THE remains of six people buried at Wales’ only Military Cemetery in Pembroke Dock are to be dug up as Britain marks the centenary of the First World War.
The cemetery, which contains the war graves of 40 Commonwealth service personnel of the First World War and 33 of the Second World War, has been closed to the public since the beginning of last year.
The problem began when a 1915 war grave belonging to a Private Ryan completely caved in, leaving a hole of around 6ft in diameter and 20ft deep.
A “notice of intention to remove human remains and associated memorial headstones” hangs on the cemetery gates.
The six affected graves are those of J O’Brien, Private J McGuiness, Gunner William Henry Hurley, Private F Ryan, Private Charles Joseph Duffy, Private E Sullivan.
The work, which is to be carried out by SKM Enviros on behalf of the Ministry of Defence (MoD), could start as early as February 17.
A spokesman for the Defence Infrastructure Organisation said: “We are currently assessing available options, one of which would not involve any exhumation and expect to make a decision on how to proceed shortly. Any action taken will be publicised accordingly.
“The MOD is in the process of trying to locate relatives of those buried in affected plots; however, it is believed the graves date back to the early part of the 20th century so it may be difficult to trace any descendants.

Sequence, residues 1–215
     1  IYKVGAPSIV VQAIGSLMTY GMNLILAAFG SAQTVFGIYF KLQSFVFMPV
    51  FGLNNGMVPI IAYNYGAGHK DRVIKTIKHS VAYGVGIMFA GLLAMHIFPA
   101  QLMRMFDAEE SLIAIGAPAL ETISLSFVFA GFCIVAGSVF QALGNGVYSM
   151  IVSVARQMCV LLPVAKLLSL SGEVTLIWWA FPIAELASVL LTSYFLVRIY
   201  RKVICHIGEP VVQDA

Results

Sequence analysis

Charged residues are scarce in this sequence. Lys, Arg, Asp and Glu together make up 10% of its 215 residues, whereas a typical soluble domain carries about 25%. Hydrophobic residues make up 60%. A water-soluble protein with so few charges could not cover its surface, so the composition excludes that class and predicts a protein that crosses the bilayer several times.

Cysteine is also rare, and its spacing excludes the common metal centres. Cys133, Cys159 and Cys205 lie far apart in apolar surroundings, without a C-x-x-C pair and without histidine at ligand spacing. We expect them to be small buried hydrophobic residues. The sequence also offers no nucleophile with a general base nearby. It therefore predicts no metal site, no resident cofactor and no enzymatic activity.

“The cemetery will re-open as soon as it is safe to do so. This is a complex operation requiring specialist input from a number of partners.”
Pembroke Dock Sunderland Trust project manager John Evans said: “I personally don’t know of anything like this in more than 50 to 60 years when firstly French airmen were exhumed from City Road Cemetery, Haverfordwest, and taken back to France, and also German airmen taken from local cemeteries to the German cemetery at Cannock Chase, Staffordshire.”
Pembroke and Pembroke Dock district parade marshal Councillor David Boswell said: “That’s Mother Nature for you – when she opens up her body, she opens up her body, that’s what she does. It’s a shame it’s happened but something’s got to be done.
He added: “I can’t see why that particular area can’t be fenced off and the rest of the cemetery be kept open. That way the main military cross could be accessed to lay wreaths during services and then once the service is over close the gates again.”